Big Blue diving warning sign

“Thoroughly recommended”
5 of 5 stars Reviewed 3 October 2013- I came to Koh Tao to see what all the fuss was about, and to do my open water diving course with Big Blue. I Ioved it so much that I stayed on four more days to do the Advanced course and then some more fun dives! The island is gorgeous, and the atmosphere at Big Blue is very welcoming and friendly. Dave was a great instructor and teacher. He made us feel very safe underwater and gave us confidence. Our group of 4 had not dived before and some were very nervous, but once we were out in the ocean we were absolutely fine. There is a lot of emphasis on teaching safety and the proper way to dive, so I now feel confident diving anywhere else. We got free accomodation on dive days, and the restaurant was very good. Sairee also has some great restaurants for alternative dinners. I also did a day-dive, when we went out on the boat for the whole day to a far-flung dive site closer to Koh Phagnan, and all food and drink was provided. Our instructors (Dave and Steve) made sure we made the most of this experience and showed us a lot of the interesting underwater creatures that I would have missed otherwise.

Underwater robots to repair coral reefs
Are there no limits to the amazing-ness of technology and it's ability to get us out of the jams we get ourselves into as a species? Boffins at Heriot-Watt University in the fair city of Edinburgh, Scotland are currently developing a Remotely Operated Vehicle (ROV) that is designed to work together in small groups (akin to ants apparently), to repair damaged coral! Known as "coralbots", these ingenious devices will be able to go much deeper than even the most crazy technical diver, beyond 200 metres, to repair coral in a matter of days and weeks instead of years. Currently, if coral is damaged, divers can sometimes re-cement the fragments together, which helps them to grow again, but it is a painfully slow and ineficient process. A quarter of all marine life inhabit corals, so it's pretty damn important to try and look after them! If they get the required funding, the scientists are hoping to put them into service within a year. Maybe we can get one for Koh Tao, then we can send our fun divers out to look for the famous "robot fish"!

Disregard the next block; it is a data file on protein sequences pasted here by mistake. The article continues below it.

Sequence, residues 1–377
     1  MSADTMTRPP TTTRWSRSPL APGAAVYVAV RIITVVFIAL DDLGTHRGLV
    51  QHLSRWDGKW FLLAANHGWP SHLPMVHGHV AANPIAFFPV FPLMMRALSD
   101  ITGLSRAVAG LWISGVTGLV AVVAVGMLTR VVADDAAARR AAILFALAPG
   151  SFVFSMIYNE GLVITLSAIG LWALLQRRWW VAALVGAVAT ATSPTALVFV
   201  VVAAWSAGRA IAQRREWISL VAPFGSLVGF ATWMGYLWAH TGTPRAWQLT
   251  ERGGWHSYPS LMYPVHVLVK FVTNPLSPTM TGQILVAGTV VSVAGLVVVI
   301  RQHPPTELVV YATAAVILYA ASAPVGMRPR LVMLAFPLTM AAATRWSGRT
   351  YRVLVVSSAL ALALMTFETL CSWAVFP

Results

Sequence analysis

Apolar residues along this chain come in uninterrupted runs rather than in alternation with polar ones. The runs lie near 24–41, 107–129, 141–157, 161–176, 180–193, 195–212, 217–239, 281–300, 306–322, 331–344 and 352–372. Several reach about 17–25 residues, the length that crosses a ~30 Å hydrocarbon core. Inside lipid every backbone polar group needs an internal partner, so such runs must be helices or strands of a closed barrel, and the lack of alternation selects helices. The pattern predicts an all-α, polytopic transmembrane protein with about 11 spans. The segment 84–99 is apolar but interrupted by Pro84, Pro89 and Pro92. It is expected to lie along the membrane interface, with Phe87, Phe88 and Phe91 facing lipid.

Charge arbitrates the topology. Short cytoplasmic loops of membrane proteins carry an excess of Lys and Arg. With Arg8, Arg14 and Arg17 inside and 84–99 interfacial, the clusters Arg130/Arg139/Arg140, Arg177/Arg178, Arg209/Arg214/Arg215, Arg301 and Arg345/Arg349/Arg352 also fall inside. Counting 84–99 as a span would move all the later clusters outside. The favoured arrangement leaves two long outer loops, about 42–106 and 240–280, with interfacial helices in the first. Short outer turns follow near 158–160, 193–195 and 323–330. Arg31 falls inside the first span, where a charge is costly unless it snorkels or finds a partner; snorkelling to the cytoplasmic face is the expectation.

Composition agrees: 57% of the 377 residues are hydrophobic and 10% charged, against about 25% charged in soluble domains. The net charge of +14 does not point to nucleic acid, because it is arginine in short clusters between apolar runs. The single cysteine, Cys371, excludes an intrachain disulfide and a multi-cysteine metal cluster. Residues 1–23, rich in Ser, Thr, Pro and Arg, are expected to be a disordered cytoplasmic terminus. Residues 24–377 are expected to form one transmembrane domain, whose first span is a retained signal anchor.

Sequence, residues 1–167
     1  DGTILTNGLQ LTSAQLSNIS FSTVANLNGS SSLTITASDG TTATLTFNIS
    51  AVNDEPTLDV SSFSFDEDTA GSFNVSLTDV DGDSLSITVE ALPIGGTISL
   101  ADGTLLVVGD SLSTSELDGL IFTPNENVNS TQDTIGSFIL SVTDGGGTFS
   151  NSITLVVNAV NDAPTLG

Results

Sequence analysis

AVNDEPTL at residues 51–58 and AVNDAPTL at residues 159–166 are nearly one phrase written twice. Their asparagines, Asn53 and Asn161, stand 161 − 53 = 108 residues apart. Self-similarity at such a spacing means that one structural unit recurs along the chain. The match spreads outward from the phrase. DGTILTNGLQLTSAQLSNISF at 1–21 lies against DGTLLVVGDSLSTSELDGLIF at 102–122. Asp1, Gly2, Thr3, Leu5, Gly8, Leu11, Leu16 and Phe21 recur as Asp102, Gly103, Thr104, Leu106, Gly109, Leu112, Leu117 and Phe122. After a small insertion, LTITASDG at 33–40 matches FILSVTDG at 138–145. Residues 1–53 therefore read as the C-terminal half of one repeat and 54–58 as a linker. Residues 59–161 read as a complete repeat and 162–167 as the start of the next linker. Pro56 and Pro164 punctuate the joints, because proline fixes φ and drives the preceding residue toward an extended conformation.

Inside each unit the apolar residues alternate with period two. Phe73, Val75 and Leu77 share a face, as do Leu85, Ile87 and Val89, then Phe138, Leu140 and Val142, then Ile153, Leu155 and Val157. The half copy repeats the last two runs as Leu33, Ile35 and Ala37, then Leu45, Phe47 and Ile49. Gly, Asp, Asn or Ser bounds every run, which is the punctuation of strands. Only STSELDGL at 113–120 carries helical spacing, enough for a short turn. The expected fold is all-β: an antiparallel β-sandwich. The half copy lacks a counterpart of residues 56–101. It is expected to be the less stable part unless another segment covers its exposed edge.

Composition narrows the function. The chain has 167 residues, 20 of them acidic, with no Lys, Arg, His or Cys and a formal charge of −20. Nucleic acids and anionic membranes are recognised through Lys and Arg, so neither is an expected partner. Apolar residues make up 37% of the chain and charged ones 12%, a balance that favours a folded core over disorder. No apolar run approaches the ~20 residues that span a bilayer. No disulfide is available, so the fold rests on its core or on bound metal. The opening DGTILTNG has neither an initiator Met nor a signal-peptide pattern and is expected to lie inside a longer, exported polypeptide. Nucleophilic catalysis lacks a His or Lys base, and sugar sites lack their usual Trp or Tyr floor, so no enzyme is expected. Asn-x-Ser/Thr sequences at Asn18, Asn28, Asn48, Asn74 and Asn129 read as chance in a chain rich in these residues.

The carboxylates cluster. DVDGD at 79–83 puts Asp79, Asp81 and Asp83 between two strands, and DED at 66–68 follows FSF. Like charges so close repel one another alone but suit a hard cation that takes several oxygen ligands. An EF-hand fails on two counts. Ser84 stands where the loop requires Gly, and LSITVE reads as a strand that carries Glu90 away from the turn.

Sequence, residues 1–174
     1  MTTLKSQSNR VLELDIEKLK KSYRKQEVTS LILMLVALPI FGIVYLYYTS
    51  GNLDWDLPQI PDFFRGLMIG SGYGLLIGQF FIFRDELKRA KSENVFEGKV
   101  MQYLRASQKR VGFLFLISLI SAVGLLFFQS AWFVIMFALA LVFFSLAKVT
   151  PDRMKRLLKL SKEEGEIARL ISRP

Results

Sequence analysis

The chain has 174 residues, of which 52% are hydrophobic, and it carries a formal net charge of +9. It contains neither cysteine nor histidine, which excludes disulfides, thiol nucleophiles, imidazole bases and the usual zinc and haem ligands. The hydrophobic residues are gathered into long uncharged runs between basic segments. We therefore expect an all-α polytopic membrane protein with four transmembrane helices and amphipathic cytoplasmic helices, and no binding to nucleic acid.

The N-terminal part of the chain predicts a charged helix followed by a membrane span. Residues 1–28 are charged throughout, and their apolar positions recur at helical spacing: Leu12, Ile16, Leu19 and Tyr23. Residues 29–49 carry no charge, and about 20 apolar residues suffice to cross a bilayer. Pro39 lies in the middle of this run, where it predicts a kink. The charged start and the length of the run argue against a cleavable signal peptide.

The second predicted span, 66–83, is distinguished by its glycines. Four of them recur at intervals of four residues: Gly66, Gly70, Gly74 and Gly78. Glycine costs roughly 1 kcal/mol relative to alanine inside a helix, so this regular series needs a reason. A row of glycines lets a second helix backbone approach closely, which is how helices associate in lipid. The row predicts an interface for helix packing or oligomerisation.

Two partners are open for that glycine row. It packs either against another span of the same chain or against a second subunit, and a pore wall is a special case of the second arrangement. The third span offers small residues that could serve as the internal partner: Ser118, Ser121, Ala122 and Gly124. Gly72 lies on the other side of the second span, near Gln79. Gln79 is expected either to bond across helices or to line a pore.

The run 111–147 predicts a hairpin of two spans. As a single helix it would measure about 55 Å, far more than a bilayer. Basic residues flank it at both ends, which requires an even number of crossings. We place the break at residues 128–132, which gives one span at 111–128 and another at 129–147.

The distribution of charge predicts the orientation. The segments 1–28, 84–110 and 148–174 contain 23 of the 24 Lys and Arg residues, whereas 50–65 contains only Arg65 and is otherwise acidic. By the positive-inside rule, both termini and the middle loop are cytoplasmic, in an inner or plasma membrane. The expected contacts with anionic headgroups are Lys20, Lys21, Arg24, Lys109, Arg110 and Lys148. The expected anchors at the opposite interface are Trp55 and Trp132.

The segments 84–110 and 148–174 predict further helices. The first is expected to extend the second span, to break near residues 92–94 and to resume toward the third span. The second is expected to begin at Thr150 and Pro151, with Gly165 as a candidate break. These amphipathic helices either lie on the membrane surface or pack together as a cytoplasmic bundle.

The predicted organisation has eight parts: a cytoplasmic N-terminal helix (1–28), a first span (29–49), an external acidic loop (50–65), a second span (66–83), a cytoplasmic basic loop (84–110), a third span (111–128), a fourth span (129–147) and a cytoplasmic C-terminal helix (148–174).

October 4th 2013

Big Blue Freediving becomes an SSI Instructor Training Facility

Congratulations to Big Blue Freediving's very own Flavia Eberhard on becoming an SSI freediving instructor trainer! Travelling all the way to the Phillipines to undertake the gruelling seven day course (she swam there underwater on one breath apparently), she passed with flying colours and is now able to teach freediving at all levels, from beginner to instructor. That's pretty amazing considering that Big Blue Freediving only opened for business this year! Flavia and Pepe have worked tirelessly to get it off the ground and it's worked-  a lot! People are coming from all over the world to train with them; they are highly respected within the freediving world, both holding records from their respective countries. They're also both involved in the judging side of AIDA freediving world record attempts, with their services being regularly called upon. I probably don't need to tell you that Flavia is the one pictured on the right, proudly displaying her new card; the modelling world's loss is definitely our gain. We did consider naming Big Blue Freediving "The Flavia Eberhard centre for kids that can't hold their breath good", but you know what those brand alignment people are like. Maybe it'll work now- "The Flavia Eberhard centre for people that want to teach people who can't hold their breath good to now hold their breath good"? If you've never seen the film Zoolander then I apologise for the last sentence being absolute gibberish! If you have, then you'll know how dazzlingly funny I am. If you're interested in trying free diving, gaining a freediving qualification, or even or becoming an SSI Freediving professional, contact Flavia and Pepe here.